AL ASAD, Iraq -- Marine Tactical Electronic Warfare Squadron 4 started its journey home today. After seven months in a deployed combat environment, the 190 Marines are ending their deployment that began in mid January.
“All the Marines were very eager to support [Operation Iraqi Freedom],” said Sgt. Joseph A. Esala, electronics section, a native of Statesboro, Ga. “It is a challenging and worthy effort. I’m honored to have been involved in it.”
“We were ready,” added Cpl. Kiel M. Naumann, airframes, who is from Pinellas, Fla. “We trained very hard back in Cherry Point, and we got a chance to come out here and do everything we could to help the Iraqi people build a more stable country.”
The unit, referred to as the Seahawks, was the first EA-6B Prowler squadron to operate here and experienced minor challenges, which their training allowed them to quickly overcome.
“This is a relatively austere environment, which presented us with daily challenges, that included connectivity, water, power, environmental hazards and indirect fires from insurgent forces,” said Maj. Shane B. Conrad, executive officer, a native of Sayre, Pa. “The men and women of VMAQ-4 took all these challenges in stride and never missed a beat. I have never seen better morale on a deployment that I did here and it is directly attributed to the quality of our Marines and solid leadership from the [noncommissioned officer] ranks on up.”
The Seahawks flew more than 2,500 hours and logged more than 600 sorties during the deployment. The Marines will arrive in eastern North Carolina proud of the job they did having made their mark on history.
“I remember seeing pictures of the Iraqi’s being allowed to vote for the first time,” said Cpl. Michael W. Gerencser, navigations equipment, and native of Richmond, Va. “Each one had their finger dyed in ink. Seeing their people come together to help create a new democracy was indeed a unique experience,” he recalled. “I know for certain that we are bringing a country together and providing a future some that never thought it was possible. I feel like I have made a mark on history and can say I made someone’s family that much safer.”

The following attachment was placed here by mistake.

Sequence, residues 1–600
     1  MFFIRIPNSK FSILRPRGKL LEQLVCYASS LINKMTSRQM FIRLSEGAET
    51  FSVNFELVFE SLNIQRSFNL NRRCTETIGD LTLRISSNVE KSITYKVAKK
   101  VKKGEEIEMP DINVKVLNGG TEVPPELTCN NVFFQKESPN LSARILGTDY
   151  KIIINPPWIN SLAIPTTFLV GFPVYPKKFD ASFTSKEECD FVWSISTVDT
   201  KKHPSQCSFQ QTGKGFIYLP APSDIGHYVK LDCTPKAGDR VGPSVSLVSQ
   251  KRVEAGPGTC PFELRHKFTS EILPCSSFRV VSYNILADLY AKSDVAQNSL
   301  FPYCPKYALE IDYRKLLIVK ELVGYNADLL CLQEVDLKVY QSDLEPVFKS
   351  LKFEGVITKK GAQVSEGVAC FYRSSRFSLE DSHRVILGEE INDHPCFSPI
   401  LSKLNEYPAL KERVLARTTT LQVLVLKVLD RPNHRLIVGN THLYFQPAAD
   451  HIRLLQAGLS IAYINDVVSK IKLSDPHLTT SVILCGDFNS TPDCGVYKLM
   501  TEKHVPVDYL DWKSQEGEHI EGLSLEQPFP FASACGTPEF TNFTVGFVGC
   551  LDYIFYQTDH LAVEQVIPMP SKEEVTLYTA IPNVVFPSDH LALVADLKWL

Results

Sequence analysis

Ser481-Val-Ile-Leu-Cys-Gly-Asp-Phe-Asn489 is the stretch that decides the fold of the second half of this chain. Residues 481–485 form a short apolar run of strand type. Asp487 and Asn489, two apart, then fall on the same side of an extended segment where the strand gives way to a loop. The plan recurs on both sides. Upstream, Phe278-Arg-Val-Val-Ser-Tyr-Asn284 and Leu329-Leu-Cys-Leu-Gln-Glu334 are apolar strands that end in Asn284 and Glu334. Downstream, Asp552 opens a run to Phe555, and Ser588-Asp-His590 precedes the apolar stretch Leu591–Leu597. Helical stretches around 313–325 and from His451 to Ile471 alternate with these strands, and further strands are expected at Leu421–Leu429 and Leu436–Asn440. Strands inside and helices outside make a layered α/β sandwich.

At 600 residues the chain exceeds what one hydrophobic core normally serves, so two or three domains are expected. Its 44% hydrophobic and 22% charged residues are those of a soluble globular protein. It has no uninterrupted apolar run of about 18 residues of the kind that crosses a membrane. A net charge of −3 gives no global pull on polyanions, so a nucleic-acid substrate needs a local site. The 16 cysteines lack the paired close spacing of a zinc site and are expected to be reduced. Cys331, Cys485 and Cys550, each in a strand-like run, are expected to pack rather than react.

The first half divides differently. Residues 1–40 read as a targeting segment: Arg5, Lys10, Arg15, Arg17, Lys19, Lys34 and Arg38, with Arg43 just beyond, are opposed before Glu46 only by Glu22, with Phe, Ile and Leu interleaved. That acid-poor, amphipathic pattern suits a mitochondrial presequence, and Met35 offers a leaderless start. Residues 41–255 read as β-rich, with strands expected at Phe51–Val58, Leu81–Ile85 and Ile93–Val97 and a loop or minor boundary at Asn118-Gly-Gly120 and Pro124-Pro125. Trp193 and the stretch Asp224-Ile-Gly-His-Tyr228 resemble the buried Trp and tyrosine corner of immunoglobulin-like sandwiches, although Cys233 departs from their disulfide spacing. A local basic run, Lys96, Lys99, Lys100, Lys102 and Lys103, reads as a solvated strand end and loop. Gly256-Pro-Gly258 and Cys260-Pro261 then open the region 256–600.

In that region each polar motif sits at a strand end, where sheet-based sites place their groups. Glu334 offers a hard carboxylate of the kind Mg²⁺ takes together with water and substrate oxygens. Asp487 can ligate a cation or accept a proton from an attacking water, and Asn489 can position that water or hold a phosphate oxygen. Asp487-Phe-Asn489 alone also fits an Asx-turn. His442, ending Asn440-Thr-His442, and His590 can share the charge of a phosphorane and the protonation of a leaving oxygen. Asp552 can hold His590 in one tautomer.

The Seahawks deployed here to the Al Anbar province with cutting edge technology. The Prowler aircraft employs non-kinetic firepower to protect Marines and soldiers operating on the ground. While much of the unit’s mission is classified, instead of engaging enemy targets with bombs or rockets the Prowler attacks by disrupting communications or disables the enemy’s capabilities using specialized equipment.
“Throughout this deployment [the Marines] stayed focused on the mission, which is evident in the unprecedented numbers of flight hours we are able to fly in support of coalition forces,” said Conrad. “They did a super job. These are the type of men and women who serve our country and America should be proud.”
Working 12-hour shifts, seven days a week, was the norm here. The Marines of VMAQ-4 worked tireless hours to ensure the daily missions were executed. From the maintainers and plane captains who checked and double checked the integrity of the aircraft, and to the pilots who flew eight hour sorties, the Seahawks continued to support day and night.
“Our performance has been magnificent,” said Sgt. Maj. Terry D. Kraker, squadron sergeant major and native of Milwaukee, Wisc. “When we arrived everyone was extremely pumped up and I thought this mindset would wear off; it never did. Our numbers reflect hard work and a must-do attitude.”
“I am extremely proud of the squadron,” said Lt. Col. Philip J. Zimmerman, commanding officer, and native of Littleton, Colo. “Everyone put forth the maximum effort while making numerous sacrifices. Their professionalism and dedication enabled the squadron’s success.”
As the Seahawks of VMAQ-4 depart the barren Iraqi landscape, they welcome the Banshees of VMAQ-1 who have taken the reigns.